John Byron

Anson's circumnavigation of 1740-44 had had the effect of renewing British interest in the South Atlantic and the Pacific. In 1749 Lord Sandwich, first lord of the Admiralty, put forward a plan, probably suggested by Anson, to send British ships to the Falkland Islands and then into the Pacific. After reaching the Juan Fernandez Islands they were to head due west for 3000 miles across the ocean, searching for islands or other undiscovered land. The hope was to find a base from which Britain could break into Spanish trade in the Pacific. Preparations for this expedition were carried out openly and details soon reached the Spanish. They protested strongly and since the British government was at this time trying to negotiate a trade treaty with Spain, it decided to cancel the expedition to appease the Spanish.

After Lord Egmont became first lord of the Admiralty he decided in 1764 to carry out a modified version of the 1749 plan; his principal interest at this time was in securing British command of the Falkland Islands, which he regarded as controlling the southern gateway to the Pacific. Since the Spanish claimed ownership of the Falklands and would object to any revival of the 1749 plan, Egmont prepared the expedition in some secrecy. Only the Admiralty and George III knew its true aims, with most members of the government being kept in the dark.

Byron was chosen to command the expedition, which consisted of the frigate Dolphin, one of the first British warships with a copper-sheathed bottom, and the sloop Tamar. It was given out that Byron was going out to take command of the East India station, and would fly the broad pennant of a commodore in the Dolphin. Byron left England in July 1764, and took his ships to Brazil. Only when leaving Rio de Janeiro on 22 October did he reveal his secret orders to his men. The plan was that they would first go into the south Atlantic and search for Pepys's Island, and then to the Falkland Islands. After they had been claimed for Britain, Byron was to proceed into the Pacific, sail to New Albion (California), and then begin a search for the north-west passage, leading back to the Atlantic across the top of North America. If the passage could not be found Byron was to come home across the Pacific.

From Rio Byron went first to Port Desire in Patagonia. Here he met tall natives and noted their existence in his journal. When John Hawkesworth brought out a somewhat romanticized version of Byron's circumnavigation journal in 1773 he greatly exaggerated the size of these natives, and this led to much levity at Byron's expense concerning Patagonian giants. From Port Desire Byron headed out into the south Atlantic searching for Pepys's Island, which had been noted on earlier charts. When it became clear that the island did not exist Byron sailed for the Falklands.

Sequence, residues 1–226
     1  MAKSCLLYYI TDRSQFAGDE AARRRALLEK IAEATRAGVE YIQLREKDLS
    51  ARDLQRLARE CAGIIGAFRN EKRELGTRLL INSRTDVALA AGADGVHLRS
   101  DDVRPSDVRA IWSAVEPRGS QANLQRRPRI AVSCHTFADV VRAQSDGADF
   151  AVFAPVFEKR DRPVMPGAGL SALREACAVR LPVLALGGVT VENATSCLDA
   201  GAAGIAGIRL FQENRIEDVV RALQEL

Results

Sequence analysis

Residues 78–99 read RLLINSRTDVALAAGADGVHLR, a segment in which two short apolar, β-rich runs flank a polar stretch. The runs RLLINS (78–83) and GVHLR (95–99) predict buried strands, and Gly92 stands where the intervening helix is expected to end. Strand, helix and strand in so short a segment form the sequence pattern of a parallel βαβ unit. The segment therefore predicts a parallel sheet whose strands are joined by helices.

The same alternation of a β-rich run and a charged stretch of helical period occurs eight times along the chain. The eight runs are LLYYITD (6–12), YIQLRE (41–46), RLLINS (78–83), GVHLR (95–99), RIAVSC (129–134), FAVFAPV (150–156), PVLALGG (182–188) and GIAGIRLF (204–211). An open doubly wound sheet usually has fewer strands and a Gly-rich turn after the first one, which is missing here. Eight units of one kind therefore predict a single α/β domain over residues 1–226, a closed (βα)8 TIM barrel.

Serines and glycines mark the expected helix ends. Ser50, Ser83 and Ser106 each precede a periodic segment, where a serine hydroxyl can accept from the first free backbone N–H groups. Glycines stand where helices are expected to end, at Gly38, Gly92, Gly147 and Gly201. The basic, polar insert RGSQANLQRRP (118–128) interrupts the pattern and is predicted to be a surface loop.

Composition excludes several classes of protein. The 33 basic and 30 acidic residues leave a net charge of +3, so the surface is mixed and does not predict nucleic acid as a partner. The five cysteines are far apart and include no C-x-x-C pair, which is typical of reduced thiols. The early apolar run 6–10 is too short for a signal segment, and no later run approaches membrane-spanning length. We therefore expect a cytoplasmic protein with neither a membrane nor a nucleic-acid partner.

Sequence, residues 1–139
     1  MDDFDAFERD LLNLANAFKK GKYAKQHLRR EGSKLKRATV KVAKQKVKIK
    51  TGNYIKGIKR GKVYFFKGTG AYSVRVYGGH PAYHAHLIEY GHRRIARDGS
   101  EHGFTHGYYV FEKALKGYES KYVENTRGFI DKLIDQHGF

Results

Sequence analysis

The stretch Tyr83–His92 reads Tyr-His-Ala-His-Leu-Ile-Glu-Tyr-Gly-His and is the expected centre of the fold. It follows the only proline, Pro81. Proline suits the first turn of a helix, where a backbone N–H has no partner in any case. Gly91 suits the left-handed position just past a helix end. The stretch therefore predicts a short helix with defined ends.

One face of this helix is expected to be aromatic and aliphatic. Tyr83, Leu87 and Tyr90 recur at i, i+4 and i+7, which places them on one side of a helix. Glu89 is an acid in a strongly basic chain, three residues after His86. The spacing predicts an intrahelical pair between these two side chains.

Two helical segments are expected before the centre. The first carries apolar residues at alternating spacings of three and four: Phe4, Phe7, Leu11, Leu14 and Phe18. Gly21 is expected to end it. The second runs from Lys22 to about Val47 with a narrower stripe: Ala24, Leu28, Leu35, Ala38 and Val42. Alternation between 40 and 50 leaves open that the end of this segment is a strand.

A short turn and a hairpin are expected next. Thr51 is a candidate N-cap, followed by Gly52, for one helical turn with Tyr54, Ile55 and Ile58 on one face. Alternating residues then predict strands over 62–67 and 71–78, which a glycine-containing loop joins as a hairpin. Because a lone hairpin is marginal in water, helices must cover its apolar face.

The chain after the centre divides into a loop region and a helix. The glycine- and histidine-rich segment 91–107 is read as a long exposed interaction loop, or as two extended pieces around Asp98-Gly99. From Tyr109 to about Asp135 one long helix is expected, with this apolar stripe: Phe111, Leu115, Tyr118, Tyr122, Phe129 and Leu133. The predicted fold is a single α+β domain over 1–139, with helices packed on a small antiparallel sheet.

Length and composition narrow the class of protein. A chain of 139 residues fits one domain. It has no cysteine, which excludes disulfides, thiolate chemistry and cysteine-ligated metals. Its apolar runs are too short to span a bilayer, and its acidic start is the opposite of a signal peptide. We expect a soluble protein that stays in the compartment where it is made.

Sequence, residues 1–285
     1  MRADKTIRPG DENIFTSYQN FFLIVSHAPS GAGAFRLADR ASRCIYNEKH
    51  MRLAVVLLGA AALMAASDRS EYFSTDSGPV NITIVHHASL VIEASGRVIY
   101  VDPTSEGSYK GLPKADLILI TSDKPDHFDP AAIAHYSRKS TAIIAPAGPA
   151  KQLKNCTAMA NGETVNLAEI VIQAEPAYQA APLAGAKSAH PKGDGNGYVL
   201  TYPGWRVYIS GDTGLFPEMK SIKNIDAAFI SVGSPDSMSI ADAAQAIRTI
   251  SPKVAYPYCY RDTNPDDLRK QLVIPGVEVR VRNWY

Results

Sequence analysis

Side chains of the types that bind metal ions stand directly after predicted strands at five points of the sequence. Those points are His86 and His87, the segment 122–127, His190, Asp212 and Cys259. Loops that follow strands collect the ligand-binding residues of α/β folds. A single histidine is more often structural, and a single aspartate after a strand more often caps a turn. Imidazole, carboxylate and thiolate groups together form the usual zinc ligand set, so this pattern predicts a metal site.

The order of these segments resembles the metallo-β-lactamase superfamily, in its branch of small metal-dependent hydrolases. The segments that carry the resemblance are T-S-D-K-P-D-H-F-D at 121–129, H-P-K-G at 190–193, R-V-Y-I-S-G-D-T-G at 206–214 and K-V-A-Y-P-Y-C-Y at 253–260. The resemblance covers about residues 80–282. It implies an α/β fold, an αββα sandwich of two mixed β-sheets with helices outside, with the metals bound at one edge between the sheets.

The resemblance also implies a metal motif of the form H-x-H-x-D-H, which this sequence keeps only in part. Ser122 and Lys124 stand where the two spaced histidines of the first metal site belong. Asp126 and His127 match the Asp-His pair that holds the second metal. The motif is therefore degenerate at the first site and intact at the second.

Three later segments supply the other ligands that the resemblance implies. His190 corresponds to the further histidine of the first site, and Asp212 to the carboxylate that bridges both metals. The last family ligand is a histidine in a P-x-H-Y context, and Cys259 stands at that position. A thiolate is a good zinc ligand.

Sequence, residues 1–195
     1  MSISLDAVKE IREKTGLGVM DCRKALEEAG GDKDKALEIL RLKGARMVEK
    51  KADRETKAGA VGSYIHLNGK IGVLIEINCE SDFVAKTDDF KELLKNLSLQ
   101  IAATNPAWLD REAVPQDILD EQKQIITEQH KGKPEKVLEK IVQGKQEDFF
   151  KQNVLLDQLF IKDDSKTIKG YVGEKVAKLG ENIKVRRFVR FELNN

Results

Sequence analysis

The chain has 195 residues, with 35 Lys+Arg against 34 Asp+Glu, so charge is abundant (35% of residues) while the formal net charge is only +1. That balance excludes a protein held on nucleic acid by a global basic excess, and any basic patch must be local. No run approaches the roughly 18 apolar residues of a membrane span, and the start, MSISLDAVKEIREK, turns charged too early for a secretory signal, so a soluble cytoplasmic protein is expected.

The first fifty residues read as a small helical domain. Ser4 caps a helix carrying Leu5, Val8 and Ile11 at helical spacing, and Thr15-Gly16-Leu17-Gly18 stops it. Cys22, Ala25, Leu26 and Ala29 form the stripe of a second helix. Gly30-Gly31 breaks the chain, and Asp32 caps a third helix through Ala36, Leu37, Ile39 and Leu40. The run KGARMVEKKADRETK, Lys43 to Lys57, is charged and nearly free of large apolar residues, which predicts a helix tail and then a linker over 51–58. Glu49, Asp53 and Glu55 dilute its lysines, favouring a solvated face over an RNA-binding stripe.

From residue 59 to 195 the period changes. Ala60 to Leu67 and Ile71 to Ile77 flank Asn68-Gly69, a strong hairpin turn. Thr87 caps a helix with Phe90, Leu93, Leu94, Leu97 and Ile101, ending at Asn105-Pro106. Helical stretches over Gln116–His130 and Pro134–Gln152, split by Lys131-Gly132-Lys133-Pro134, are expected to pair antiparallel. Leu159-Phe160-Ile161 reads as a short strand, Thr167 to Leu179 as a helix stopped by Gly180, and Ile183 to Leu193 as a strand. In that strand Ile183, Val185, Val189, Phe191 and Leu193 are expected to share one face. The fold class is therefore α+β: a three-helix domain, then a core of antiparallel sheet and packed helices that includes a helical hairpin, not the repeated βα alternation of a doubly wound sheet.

In January 1765 Byron reached West Falkland and anchored at a place he named Port Egmont after the first lord. Byron then formally claimed the islands for George III, and explored along the north coasts of both West and East Falkland. His cursory inspection failed to find the French settlement which had recently been established at Berkeley Sound on East Falkland. For the rest of the decade Britain, France, and Spain would engage in a three-cornered dispute about the ownership of the Falklands. For the moment Byron left the islands and returned to Port Desire to meet a storeship that was bringing supplies for his ships.

Once resupplied Byron took his ships through the Strait of Magellan, but once in the Pacific in April 1765 he decided to ignore his orders to search for the north-west passage. Instead Byron intended to cross the Pacific following a track between the tropic of Capricorn and the equator. He was never censured for this clear breach of his written orders, possibly because it was a reversion to part of the 1749 plan. Byron intended to look for islands along this track, in particular the Solomon Islands and their fabled riches. These islands had been first discovered in the Sixteenth Century, but their exact position and extent had never been established.

In fact Byron found very few islands during his voyage across the Pacific, and none of importance. After finding several small islands in the Tuamotu group but being unable to anchor at them, Byron called them the Islands of Disappointment; some small islands found later were called the King George Islands; and another island found in the Gilbert group Byron named after himself. Byron narrowly missed sighting Tahiti, but he did claim to have seen signs which indicated the existence of a southern continent. At the end of July 1765 Byron's ships reached Tinian in the Marianas, which had been visited by Anson during his voyage, and then they set off on their homeward passage. On his arrival in England in May 1766 Byron was able to claim the fastest circumnavigation up to that time; his men were relatively untouched by scurvy, while the Dolphin's copper-sheathed bottom survived the voyage in good condition, an important advance in naval technology. Byron's mention of signs of a southern continent encouraged the immediate preparation of another expedition to the Pacific, and Byron may have had a hand in preparing the instructions to its commander, Captain Wallis. He was specifically ordered to search for the southern continent, but it was to prove elusive. However, by following a track similar to Byron's, but further to the south, Wallis did discover Tahiti in 1767.

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by Stephen Luscombe